It's been a long road from Zabadani, Syria to Bedeque, P.E.I. for Bassam Antoun and his family.

The family was forced to flee in 2012 from war-torn Zabadani, a city of 26,000 hit hard hard by the Syrian civil war.

Antoun, along with his wife and three children fled to Damascus where they would live for a year before packing up their few belongings and relocating to Lebanon.

War destroyed everything 

Now, with the assistance of the Bedeque and Area Newcomers Relocation Committee, the family is settling into their new home, restarting their life in Canada.

si-syria-war

Before and after images of the Antouns' home in Syria. (Submitted by Sandra Antoun)

"We had a long journey, a hard journey," Antoun said through his daughter Rosaline, who was taught English in school in Syria. "We were living a very good life in Syria, and a very happy life before the war. The war came and destroyed everything."

The family arrived in Charlottetown December 18, and were met by Antoun's brother, Salim.

The two families lived in the same three-storey house in Syria. When war broke out, the families became separated.

Reunited in Canada

Now, they've been reunited, their home back in Syria now completed destroyed.

Randall Affleck

Randall Affleck, of the Bedeque and Area Newcomers Relocation Committee, said members of the group will help the Antoun family make connections in the area to help find employment and make the transition a little easier. (Tom Steepe/CBC)

"It's a difficult thing to leave your home, your relatives, but you have to because when you know there's a bomb, and you don't know the time the bomb come to you, so you just have to like have decisions and go to Canada because you can't live anymore in Syria because there's a lot of bombings," explained 16-year-old Rosaline Antoun, who has started grade 11 at Kinkora Regional High School.

In preparation for their arrival, the Bedeque and Area Newcomers Relocation Committee has been fundraising and preparing to welcome the Antoun family for the last two years.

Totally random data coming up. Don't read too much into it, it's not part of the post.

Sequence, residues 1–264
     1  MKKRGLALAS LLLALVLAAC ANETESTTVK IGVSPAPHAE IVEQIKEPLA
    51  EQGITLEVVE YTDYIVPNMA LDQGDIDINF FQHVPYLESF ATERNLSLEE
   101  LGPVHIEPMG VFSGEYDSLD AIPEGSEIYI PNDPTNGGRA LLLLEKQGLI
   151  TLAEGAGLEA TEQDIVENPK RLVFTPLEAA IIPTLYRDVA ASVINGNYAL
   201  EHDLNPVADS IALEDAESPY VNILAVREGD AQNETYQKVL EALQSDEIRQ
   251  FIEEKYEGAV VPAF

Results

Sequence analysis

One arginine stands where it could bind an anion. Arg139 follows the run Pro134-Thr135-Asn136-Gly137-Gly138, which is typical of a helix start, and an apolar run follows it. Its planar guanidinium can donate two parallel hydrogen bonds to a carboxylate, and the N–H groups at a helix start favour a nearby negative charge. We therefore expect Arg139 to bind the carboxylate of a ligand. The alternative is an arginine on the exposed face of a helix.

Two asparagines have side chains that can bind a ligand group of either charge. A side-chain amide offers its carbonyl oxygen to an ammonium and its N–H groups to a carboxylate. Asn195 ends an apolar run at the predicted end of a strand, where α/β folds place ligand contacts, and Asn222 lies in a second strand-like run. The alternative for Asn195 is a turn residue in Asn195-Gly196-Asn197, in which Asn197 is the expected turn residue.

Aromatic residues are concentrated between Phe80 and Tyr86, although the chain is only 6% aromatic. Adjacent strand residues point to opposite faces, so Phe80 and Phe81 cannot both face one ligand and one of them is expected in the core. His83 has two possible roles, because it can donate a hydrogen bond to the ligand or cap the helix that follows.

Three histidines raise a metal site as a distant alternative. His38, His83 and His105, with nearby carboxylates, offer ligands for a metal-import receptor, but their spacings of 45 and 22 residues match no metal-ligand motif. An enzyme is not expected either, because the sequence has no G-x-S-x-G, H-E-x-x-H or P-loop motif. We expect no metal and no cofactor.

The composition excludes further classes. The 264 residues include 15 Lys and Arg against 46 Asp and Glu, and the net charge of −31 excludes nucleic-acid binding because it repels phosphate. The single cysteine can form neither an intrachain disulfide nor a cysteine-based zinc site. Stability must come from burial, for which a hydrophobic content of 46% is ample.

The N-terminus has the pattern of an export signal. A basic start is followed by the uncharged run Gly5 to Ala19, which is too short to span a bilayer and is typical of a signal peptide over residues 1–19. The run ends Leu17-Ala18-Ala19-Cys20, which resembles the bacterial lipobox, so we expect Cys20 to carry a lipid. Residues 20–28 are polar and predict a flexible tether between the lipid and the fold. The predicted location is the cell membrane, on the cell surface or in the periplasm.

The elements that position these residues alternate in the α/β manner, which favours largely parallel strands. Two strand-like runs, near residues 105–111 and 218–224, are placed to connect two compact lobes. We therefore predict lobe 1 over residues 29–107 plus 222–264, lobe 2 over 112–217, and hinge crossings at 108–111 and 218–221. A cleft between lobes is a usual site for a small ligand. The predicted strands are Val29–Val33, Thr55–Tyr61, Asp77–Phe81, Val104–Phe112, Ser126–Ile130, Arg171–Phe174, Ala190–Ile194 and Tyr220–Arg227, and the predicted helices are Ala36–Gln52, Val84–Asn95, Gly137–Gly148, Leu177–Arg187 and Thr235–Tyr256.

"There was certainly an openness and willingness, and the news cameras were pointing at that story and a lot of people could just connect with the fact that families are fleeing violence and had compassion for them and just a recognition that there was no reason why we couldn't help," said Randall Affleck, a member of the committee.

Bedeque awaited arrival

The community managed to raise more than $30,000, enough to sponsor the family and provide a home furnished with donations from the community.

"They're just a lovely family to have in the community," Affleck said. "I think they're settling in quite nicely. They certainly appreciate what everybody's helped to do. They came with suitcases full of stuff from ... their belongings from Syria, but no furniture or household items."

Bedeque United Church

The Bedeque and Area Newcomers Relocation Committee has been fundraising and preparing to welcome a family for the past 2 years. (Tom Steepe/CBC)

Now, that they're in Canada, the family said it can now focus on the things that are most important : learning English and eventually finding work.

For now, the family is just happy to feel safe for the first time in a very long time.

"We have peace here, quiet, we don't have bombs," Rosaline Antoun explained.

The people of Bedeque "are all nice people and they love us a lot and we love them a lot. They just treat us like we are from Canada and we've live in Canada for a long time."